Inaugurated in 2007, the public library “Parque Biblioteca España” in the Columbian city of Medellín combines symbol and function: it bears witness to a community’s desire for social renewal, and indicates how inequalities can be lessened by spreading knowledge in contemporary society. Giancarlo Mazzanti’s winning project in the 2005 competition held by the Medellín city council reveals a deeply pondered view of architecture’s role in society.
His architecture resonates with both the immediate urban fabric and the vast plain stretching out below. Its materials and form have an osmotic relationship with their context. The three huge blocks making up the library complex stand out against the skyline of a city sprawling over undulating slopes enclosed by the craggy summits of an Andes mountain chain. Rising amidst a jumble of makeshift houses, mainly in brick, their arrangement resembles the distant mountain range.
The three buildings house different functions: a library, auditorium, and training centre, respectively. Set on an artificial platform, they stand as one compact system offering a public service. A pinewood platform creates passageways between and access routes to the buildings. On the side facing the mountains, the walkway opens out into a sort of collective plaza for community socialising.
The buildings rise like closed jagged volumes, their sharp angles emphasising their solid mass. Geometry and outer cladding turn the complex into a single unit. The oblique planes of the multi-faceted façades create unexpected spaces between one building and another, giving rise to an ingenious play of light and shadow, views and architectural relations. Protected by the overhang of the building, deeply recessed entrances take on symbolic importance. The translucent glazed doorways are differently coloured (yellow, green and red) to denote each building’s function.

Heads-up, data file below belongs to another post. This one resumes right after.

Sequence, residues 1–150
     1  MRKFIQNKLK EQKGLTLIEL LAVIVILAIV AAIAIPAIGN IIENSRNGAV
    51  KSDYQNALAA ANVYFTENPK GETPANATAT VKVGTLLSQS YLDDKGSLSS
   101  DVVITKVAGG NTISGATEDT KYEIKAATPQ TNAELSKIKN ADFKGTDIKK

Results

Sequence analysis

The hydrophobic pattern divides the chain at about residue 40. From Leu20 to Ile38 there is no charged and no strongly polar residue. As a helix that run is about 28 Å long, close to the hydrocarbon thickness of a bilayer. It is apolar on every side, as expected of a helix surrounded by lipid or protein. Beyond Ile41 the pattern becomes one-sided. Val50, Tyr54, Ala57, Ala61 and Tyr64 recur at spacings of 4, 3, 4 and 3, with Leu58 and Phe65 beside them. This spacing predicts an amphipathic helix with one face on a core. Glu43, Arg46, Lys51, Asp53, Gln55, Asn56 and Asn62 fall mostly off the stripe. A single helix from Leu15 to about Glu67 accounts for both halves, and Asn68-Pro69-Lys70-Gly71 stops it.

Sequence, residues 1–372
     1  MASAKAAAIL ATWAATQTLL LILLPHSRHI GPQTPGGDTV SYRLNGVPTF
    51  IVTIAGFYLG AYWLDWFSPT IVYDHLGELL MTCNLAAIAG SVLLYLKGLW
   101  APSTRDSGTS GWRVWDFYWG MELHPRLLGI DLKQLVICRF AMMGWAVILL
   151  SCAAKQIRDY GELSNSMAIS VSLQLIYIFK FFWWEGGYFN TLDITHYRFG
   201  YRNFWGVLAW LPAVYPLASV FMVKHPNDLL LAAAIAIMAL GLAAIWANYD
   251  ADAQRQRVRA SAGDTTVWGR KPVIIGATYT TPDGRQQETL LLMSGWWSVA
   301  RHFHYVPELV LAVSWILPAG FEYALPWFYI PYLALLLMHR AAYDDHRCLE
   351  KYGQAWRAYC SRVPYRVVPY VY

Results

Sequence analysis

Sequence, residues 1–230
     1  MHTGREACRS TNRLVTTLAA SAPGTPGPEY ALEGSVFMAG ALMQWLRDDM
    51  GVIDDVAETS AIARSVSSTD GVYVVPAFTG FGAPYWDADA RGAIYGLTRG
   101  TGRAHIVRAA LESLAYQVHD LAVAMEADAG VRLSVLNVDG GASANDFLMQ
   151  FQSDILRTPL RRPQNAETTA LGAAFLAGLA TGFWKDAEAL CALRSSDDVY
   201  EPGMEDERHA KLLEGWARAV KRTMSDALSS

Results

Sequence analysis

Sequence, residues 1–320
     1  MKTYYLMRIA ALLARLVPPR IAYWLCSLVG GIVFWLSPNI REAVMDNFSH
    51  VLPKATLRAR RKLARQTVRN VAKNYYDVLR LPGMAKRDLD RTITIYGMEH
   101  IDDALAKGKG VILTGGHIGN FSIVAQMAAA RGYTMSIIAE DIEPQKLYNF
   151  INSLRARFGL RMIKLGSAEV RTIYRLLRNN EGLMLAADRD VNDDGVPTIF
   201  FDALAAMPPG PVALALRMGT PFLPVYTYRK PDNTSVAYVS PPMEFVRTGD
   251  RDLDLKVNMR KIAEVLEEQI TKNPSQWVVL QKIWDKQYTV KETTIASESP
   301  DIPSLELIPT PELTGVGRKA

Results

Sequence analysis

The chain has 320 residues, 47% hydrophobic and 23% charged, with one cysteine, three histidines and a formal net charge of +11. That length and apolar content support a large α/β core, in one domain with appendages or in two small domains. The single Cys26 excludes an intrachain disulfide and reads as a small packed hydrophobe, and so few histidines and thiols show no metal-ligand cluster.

The dark hues of the closely set opaque stone cladding lend the elevations an austere quality. A limited number of apparently randomly arranged, different-sized windows accentuate the buildings’ imposing mass. On some façades the number of apertures increases progressively while on others, the windows are not aligned horizontally. They seem designed to exclude any lateral source of natural light.
The library and training centre do, however, receive light from the side and the top of the building: the inner concrete structure leaves a wide gap between floors and outer envelope, allowing natural light to penetrate the whole building, so leaving intact the monolithic aspect of the outer envelope.
For everything is designed to turn attention inwards. While the views over the valley can be admired from the outside terraces and platform, the interiors are wholly concerned with the persons within, the events, activities, colours and intriguing floor plan, where corridors or balconies give onto the interior air space. Inside, the focus is entirely on the interior and what goes on in it.